Congestion charges were not equitable

The ALS charged a flat fee for unlimited entries. A car that entered the restricted zone only once paid the same amount as a vehicle that made multiple entries in a day and contributed more to traffic congestion.

There was no off-the-shelf system for Singapore’s ERP

As early as 1985, the government was already exploring how it could make congestion pricing more efficient. In 1990, study missions were sent to the US and Europe where electronic pricing was being implemented, but their systems did not meet Singapore’s requirements. The system must be able to charge a toll on vehicles traveling in a multilane environment.


This case study video was produced by Singapore's Land Transportation Authority and Ministry of Education to show Economics students the economic concepts behind the country's traffic management scheme.

Automate the manual road pricing system

Singapore launched Electronic Road Pricing (ERP) in September 1998, replacing the Area Licensing for restricted zones and Road Pricing Scheme for expressways. ERP took about 9 years to implement. The government tested prototype systems and gathered feedback from the public before replacing the manual with the automated system.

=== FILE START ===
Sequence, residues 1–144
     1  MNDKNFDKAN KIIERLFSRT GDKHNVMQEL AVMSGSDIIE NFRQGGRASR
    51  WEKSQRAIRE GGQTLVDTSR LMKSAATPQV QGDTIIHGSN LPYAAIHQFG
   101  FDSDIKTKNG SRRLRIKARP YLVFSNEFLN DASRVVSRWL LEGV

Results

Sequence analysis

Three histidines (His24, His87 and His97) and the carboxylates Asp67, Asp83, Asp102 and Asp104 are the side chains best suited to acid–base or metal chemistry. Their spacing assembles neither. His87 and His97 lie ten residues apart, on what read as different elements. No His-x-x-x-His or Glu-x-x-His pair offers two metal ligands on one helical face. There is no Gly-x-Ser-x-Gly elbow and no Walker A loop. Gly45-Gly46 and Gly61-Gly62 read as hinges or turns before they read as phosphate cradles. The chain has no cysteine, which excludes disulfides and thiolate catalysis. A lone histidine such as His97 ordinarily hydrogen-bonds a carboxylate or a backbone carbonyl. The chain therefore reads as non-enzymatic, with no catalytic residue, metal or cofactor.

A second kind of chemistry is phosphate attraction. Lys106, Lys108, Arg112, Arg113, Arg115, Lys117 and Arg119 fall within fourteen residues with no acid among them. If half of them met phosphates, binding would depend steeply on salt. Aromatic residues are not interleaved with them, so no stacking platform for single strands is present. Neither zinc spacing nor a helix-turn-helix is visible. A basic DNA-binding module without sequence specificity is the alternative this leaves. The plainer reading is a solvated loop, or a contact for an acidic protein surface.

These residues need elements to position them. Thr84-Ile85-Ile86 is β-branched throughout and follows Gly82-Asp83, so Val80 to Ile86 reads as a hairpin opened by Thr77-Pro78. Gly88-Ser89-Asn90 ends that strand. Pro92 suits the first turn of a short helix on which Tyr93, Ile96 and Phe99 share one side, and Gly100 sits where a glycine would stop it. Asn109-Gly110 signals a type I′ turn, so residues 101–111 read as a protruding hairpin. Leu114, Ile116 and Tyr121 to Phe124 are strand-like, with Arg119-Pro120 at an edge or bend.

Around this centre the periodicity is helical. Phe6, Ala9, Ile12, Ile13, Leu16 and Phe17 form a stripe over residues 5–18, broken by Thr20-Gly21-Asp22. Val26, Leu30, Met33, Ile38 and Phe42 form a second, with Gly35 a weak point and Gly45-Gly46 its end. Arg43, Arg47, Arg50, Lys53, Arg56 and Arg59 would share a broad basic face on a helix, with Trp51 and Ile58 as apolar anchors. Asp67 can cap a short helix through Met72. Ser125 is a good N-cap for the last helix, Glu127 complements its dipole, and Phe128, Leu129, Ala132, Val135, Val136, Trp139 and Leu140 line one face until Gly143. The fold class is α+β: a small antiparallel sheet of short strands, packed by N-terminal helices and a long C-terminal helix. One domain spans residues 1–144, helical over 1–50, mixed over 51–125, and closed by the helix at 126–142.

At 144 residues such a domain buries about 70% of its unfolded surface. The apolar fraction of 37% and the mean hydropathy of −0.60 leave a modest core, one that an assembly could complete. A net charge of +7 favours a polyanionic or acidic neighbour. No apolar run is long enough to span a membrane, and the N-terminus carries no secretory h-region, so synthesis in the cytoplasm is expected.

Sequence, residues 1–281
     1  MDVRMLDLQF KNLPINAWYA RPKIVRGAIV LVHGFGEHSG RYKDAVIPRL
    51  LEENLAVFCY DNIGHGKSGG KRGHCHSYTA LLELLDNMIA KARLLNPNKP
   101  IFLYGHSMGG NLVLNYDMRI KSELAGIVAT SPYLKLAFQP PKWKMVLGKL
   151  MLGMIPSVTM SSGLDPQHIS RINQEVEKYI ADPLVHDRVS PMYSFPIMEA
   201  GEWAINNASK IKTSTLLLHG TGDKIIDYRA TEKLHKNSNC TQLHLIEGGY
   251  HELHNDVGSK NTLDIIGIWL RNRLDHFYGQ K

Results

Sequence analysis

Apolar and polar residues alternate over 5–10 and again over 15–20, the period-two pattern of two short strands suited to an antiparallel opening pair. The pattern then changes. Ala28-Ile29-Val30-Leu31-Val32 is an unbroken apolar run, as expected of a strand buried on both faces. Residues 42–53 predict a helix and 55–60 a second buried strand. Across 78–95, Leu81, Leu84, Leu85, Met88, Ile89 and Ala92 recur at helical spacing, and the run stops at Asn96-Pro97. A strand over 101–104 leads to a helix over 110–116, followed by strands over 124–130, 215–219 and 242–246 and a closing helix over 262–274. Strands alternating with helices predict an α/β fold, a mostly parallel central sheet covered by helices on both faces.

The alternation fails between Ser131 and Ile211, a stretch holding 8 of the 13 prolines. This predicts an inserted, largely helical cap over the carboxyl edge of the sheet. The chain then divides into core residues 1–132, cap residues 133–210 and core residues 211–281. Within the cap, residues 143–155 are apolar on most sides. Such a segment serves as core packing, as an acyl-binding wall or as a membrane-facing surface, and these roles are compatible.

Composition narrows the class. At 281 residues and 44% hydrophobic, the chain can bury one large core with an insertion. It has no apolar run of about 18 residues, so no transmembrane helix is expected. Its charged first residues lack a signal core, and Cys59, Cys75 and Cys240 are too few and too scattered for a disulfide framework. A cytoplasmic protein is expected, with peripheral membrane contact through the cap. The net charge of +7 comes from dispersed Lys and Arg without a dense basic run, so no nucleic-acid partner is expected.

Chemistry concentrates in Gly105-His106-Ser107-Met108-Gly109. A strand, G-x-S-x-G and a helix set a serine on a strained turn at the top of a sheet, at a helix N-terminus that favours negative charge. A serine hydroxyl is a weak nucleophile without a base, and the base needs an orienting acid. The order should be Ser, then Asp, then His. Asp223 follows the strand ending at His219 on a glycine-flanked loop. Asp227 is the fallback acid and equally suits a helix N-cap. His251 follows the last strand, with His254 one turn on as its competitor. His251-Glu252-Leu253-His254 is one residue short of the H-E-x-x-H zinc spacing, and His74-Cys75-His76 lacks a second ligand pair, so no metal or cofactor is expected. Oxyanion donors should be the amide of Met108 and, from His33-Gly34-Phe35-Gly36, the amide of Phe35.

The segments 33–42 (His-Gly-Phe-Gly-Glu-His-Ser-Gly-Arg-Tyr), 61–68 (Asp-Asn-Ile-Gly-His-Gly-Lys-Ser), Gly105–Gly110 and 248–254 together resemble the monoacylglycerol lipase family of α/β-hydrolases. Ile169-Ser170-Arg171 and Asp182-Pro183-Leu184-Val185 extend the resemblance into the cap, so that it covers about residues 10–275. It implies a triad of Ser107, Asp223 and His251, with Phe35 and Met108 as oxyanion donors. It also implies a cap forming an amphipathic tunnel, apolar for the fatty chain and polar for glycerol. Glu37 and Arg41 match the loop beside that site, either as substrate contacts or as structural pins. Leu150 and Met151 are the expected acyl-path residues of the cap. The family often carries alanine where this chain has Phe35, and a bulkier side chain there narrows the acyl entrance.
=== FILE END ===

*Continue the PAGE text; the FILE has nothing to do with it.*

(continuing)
The ERP system is both cordon based and point based. ERP gantries are located within three cordoned areas and at specific points along expressways and arterial roads. The system has the flexibility to charge different prices for the use of different roads and at different times of the days. It redistributes traffic away from congested places and times.

ERP gantries were placed at all roads linking into the central business district and along expressways and arterial roads with heavy traffic to discourage usage during peak hours. As of 2014, there were 77 ERP gantries in Singapore.

Motorists using ERP-covered roads must install an in-vehicle unit (IU) where a smart card is inserted. When a vehicle passes through an ERP gantry, the system automatically deducts the usage fee from the smart card using a dedicated short-range radio communication system.

The system’s cameras take a picture of each vehicle. If there is any violation, such as a vehicle without an IU or a smart card lacking enough credit, the system sends the vehicle’s picture to the control center. The registered owner of the vehicle will then receive a notice to pay the ERP charge plus an administrative fee.

Singapore is planning to upgrade the ERP into a satellite-based system by the year 2020. The system will charge motorists according to the distance they travel on congested roads.

Set equitable road usage fees